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Between the Dots: Stranger things have happened

by Bob Verdi / Chicago Blackhawks

LOS ANGELES—The following is a public service announcement intended to deter Chicago hockey fans, riven by dejection, from committing any irrational acts:

Did you know that, despite being perhaps 60 minutes from dethroning the Blackhawks and advancing to the Stanley Cup Final, the Los Angeles Kings have incurred a pair of three-game losing streaks this postseason?

They dropped three in a row before staging an epic comeback to dismiss the San Jose Sharks. Then, in their next Hollywood drama, the Kings were beaten three in a row before eliminating the Anaheim Ducks in another series that went the distance.

Regrettably for the Blackhawks, nothing less than a three-peat of sorts will suffice now because the defending champions are in a spot you wouldn’t wish on a leopard after bowing again Monday night, 5-2.

“All we have to do is win one hockey game Wednesday night in our building,” said Duncan Keith. Well, yes and no. The prospect of staging a handshake line in the United Center has to be repugnant for the Blackhawks, but they did somewhat resist resurrecting events of last spring against Detroit. The media took care of that, citing how the Red Wings were 20 minutes from moving on in Game 6 at home, yet could not finish.

One problem, and if we’re veering toward revisionist history, our apologies. At no juncture during that near-upset did the Red Wings appear deeper, faster or better than the Blackhawks. At this moment, the Kings appear all of the above.

The visitors dug themselves a Chicago-style pothole in this Game 4, falling behind 4-0, before halving the deficit on goals by Brandon Saad and Bryan Bickell. The Kings are really difficult to rattle with a lead, but in 5-on-5 situations, the Blackhawks manufactured enough offense beyond mid-second period to annoy Head Coach Darryl Sutter. He offered that if his men don’t improve in Game 5, Game 6 might shed its “if necessary” waiver.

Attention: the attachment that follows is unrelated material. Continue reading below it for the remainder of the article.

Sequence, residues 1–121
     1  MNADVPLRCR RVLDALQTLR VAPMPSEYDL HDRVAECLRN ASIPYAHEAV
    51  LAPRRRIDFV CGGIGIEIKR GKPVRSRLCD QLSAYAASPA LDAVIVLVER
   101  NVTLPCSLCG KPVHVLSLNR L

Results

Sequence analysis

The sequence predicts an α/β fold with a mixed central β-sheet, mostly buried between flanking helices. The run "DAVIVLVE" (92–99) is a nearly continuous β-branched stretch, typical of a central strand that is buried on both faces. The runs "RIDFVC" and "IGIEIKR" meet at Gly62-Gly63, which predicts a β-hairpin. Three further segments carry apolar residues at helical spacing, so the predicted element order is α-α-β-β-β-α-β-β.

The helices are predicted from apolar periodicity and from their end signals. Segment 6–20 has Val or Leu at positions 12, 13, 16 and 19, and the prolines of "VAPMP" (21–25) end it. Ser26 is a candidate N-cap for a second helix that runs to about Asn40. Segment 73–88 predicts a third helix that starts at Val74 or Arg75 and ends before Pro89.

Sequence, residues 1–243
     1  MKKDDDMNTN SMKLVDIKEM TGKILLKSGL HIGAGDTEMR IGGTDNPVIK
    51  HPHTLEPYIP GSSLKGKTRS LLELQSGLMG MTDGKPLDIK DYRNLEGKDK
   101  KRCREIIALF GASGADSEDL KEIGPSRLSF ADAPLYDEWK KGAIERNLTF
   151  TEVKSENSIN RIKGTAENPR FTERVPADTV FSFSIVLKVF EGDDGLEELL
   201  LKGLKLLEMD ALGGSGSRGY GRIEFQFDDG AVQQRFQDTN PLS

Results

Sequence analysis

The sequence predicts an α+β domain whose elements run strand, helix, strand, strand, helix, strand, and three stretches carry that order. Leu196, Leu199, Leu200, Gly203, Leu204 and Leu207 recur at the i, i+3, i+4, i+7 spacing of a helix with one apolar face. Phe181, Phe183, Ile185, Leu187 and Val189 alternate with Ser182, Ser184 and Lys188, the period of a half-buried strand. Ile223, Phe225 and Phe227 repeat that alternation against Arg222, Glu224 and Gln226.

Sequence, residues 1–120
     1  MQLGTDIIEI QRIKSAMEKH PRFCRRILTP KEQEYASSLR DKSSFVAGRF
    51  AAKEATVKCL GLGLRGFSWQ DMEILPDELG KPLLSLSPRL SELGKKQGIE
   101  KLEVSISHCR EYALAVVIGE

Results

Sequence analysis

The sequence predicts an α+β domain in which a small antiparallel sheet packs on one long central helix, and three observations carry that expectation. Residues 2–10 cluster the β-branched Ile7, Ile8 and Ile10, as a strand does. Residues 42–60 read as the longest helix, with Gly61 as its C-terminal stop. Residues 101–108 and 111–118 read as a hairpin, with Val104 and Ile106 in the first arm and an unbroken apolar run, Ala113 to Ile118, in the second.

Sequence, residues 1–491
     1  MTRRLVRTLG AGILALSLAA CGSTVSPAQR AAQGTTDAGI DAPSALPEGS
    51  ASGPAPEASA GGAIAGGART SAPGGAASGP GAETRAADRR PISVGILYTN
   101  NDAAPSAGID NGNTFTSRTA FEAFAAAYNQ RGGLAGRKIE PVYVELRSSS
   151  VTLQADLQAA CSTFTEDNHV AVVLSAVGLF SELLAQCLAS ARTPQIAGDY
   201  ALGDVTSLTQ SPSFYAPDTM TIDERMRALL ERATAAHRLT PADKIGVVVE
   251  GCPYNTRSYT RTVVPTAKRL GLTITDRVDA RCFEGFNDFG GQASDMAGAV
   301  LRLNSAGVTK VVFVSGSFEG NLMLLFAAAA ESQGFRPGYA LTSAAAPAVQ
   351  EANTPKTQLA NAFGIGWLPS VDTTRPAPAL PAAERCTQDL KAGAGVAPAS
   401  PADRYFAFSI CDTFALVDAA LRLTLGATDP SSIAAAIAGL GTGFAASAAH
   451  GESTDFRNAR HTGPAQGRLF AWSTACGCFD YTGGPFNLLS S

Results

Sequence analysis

Joel Quenneville, as he has done before under stress, put Jonathan Toews and Patrick Kane together. Their third was Bickell. Toews went shotless, but that line was not an issue.

Special teams were. The Kings scored twice on power plays in the opening 11:13, by which time the Blackhawks had gathered nil on two of theirs. Jake Muzzin ripped a drive through Corey Crawford, around whom Jeff Carter hovered effectively with the Kings pressing as Marian Hossa sat for goalie interference.

Marian Gaborik, Dustin Brown on a power play, and Drew Doughty piled it on against Crawford, who did not receive much help from his friends. Elsewhere on the pond, the Kings blocked 23 shots and dominated the dots. Jarret Stoll won 16 faceoffs, only eight fewer than the entire Blackhawks delegation.

Peter Regin joined that lineup while Brandon Bollig exited. As is his custom, even with the option to change last, Sutter was not a prisoner to the privilege. He has seemed of a mind to match defensemen — Doughty with Toews, Willie Mitchell with Kane. But with Toews and Kane united, Sutter just let his boys be boys and play on. Sutter’s mantra is that if his entire group can’t beat your entire group, juggling is largely irrelevant.

And are his boys ever playing. But stranger things have happened —as the Sharks and Ducks will attest, wherever they are.

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